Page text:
P&O Cruises and Cunard, a fellow cruise company, have implemented a plan to terminate and rehire over 900 crew members in the UK if they do not agree to reduced salaries and increased flexibility in their work schedules.
The affected crew include officers on the British flagship, the luxury ocean liner Queen Mary 2, and nine other ships operated under Carnival UK, which is part of the $18bn-listed Carnival group.
The employees are employed by a management company in Bermuda while working on ships from Southampton. The approval for potential layoffs is given by an operational head in Mumbai.
A spokesperson for Carnival UK stated on Thursday evening that the company is not planning any layoffs. They clarified that they will not terminate and rehire employees, and have actually added more staff on their ships. The annual pay review for maritime officers will help ensure consistency among our teams and empower our employees. Our goal is to have the best teams on our fleet and keep talented individuals working on our ships.
In early 2024, a potential 919 employees in the professional, managerial, and technical roles within Carnival UK and Cunard’s fleet may lose their jobs if they do not accept new contract terms that could result in a decrease of up to 20% in their yearly income.
Last week, the Insolvency Service of the UK government was informed through the use of the HR1 form. This form is commonly used by employers to comply with the requirement of notifying officials about large-scale redundancies.
Carnival’s employment firm, Fleet Maritime Services, said on the form: “No redundancies are proposed. Consultations are related to changes in terms and conditions relating to working days and working arrangements.
“If a consensus cannot be reached on new conditions, termination and subsequent rehiring may be contemplated.”
According to the submission, discussions with employees’ representatives regarding potential modifications did not begin until November 14, the day before the form was submitted to the government.
Nautilus International, the labor union representing maritime workers, announced its support for members impacted by this issue. Garry Elliot, Senior National Organizer for Nautilus International, stated: “We strongly urge Carnival UK to retract their proposed fire and rehire policy and instead engage in productive discussions.”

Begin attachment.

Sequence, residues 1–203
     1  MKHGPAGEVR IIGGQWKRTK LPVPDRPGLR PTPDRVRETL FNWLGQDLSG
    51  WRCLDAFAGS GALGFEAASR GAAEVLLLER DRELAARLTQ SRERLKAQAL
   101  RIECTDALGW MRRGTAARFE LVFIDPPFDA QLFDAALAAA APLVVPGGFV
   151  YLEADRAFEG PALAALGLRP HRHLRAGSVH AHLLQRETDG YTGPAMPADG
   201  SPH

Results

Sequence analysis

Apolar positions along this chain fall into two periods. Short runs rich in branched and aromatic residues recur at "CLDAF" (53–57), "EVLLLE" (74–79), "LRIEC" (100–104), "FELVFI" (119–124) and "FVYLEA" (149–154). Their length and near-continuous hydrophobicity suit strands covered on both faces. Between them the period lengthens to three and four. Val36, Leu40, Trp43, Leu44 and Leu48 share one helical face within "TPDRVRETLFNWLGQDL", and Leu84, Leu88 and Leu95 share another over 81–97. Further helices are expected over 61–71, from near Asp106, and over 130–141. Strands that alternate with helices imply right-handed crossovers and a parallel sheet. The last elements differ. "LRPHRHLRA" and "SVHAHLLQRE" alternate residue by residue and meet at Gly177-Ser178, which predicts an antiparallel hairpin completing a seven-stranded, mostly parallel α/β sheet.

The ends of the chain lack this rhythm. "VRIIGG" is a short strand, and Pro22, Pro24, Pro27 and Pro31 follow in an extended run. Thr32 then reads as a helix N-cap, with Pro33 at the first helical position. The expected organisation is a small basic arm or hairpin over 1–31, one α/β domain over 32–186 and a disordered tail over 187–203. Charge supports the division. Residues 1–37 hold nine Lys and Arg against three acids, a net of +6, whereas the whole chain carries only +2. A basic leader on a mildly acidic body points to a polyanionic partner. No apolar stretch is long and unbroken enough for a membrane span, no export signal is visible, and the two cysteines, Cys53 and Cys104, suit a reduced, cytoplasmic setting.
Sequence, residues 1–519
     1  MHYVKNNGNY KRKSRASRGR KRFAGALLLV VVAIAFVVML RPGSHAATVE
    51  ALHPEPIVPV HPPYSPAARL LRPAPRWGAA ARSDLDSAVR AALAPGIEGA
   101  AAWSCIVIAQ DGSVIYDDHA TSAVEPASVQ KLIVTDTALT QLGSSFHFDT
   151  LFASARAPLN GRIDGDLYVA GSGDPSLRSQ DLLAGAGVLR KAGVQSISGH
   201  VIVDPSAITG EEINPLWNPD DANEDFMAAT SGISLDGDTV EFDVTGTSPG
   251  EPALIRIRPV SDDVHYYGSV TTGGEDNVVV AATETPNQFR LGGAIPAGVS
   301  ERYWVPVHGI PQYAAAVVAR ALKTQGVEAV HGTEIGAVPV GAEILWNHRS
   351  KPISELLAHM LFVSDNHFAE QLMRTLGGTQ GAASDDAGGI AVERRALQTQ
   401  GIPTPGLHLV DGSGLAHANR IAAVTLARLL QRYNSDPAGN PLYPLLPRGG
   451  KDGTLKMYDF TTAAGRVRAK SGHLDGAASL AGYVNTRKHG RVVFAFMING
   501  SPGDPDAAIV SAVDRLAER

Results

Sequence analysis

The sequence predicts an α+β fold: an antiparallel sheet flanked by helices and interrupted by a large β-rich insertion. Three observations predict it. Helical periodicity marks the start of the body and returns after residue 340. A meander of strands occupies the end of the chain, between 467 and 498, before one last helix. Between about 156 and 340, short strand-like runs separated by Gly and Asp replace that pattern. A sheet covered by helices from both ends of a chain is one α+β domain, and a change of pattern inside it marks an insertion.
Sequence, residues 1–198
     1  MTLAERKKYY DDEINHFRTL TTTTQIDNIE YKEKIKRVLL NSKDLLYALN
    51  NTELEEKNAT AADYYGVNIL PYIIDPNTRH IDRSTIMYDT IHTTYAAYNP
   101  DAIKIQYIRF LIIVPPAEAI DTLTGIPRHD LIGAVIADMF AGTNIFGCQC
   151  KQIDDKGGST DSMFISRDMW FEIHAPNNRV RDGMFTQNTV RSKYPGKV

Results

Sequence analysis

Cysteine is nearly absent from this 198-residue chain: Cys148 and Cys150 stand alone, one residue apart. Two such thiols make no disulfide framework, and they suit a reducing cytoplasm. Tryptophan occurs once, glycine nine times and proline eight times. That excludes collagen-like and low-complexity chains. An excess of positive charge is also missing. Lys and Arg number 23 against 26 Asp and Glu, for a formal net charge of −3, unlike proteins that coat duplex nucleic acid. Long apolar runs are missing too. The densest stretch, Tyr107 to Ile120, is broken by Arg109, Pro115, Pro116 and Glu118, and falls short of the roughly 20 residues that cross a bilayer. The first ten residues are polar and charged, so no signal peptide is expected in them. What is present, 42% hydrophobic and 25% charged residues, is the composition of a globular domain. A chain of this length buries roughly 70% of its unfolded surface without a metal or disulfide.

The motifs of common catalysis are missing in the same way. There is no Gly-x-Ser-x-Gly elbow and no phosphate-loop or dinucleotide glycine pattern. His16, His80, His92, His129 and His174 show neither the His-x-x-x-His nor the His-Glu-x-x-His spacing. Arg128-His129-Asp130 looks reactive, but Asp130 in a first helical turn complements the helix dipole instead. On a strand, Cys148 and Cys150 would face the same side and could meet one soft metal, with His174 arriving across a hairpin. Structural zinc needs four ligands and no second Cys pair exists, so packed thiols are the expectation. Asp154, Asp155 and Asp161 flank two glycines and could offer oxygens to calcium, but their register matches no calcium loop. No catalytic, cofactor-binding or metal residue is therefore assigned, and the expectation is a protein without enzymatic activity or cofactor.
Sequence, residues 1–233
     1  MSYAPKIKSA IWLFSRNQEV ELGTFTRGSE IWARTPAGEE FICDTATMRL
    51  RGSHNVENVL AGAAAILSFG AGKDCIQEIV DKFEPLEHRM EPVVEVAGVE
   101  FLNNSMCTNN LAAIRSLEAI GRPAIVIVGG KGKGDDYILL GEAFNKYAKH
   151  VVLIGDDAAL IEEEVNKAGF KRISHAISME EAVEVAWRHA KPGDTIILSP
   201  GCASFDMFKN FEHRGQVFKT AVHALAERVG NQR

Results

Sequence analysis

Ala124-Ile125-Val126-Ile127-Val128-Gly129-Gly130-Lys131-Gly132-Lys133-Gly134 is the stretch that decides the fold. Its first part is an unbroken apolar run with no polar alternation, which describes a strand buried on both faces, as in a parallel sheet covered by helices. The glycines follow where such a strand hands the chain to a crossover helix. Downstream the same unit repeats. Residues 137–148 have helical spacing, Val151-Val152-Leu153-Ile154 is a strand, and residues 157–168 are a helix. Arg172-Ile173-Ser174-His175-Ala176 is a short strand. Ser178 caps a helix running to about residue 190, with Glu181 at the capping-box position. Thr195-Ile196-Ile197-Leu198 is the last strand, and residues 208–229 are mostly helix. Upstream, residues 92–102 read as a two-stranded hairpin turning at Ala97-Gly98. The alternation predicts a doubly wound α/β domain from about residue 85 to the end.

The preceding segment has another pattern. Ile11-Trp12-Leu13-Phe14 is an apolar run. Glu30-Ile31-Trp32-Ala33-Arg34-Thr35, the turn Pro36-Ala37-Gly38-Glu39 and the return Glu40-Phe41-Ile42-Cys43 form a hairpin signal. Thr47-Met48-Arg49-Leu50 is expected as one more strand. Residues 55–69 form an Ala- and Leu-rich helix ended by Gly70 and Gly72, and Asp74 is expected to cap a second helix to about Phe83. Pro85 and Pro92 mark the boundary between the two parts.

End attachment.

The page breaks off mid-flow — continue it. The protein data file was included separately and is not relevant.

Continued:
We urge the UK government to take note of the P&O Ferries situation and make it illegal to use fire and rehire tactics. It is not acceptable for employers to disrespect their employees and use their livelihoods as leverage to implement major changes to their contracts.
The decision bears striking resemblance to the controversial employment situation created last year by a different company, P&O Ferries. Despite its similar name, this company is not affiliated with the one in question. The ferry operator that runs between England and France allegedly utilized a loophole in the law to terminate around 800 British seafarers without warning and replace them with cheaper contracted workers.
P&O Cruises attempted to separate themselves from this event in marketing videos, and lawmakers emphasized that the two companies were not affiliated. P&O Ferries is under the ownership of DP World, headquartered in Dubai, while P&O Cruises is a division of the British-American Carnival Corporation and plc, registered in Panama.
The majority of the staff employed on cruise ships come from agencies in Asia, specifically Mumbai.
In 2012, it was discovered that P&O Cruises had been compensating employees with a minimum hourly wage of only 75p.
Louise Haigh, the opposition spokesperson for transportation, stated: “We are seeing a repeat of history. Yet again, hundreds of seafarers are having their lives disrupted by unscrupulous employers who think they can escape consequences.”
The ministers have been inactive and disregarded numerous warnings that this would occur again unless they intervened and modified the legislation. The responsibility rests with them.